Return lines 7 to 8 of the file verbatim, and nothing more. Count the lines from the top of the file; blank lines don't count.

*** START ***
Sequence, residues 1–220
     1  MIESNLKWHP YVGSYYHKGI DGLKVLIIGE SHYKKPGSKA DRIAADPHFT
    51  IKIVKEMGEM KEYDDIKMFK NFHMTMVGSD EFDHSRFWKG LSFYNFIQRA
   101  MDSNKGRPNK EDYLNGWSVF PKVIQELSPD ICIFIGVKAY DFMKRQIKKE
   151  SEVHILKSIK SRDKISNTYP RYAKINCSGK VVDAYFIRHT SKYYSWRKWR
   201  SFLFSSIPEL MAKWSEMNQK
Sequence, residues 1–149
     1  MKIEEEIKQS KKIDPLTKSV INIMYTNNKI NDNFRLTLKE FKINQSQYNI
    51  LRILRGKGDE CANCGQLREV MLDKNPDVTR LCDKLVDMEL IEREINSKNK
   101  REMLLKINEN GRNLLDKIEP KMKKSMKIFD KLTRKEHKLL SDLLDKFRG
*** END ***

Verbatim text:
Sequence, residues 1–149
     1  MKIEEEIKQS KKIDPLTKSV INIMYTNNKI NDNFRLTLKE FKINQSQYNI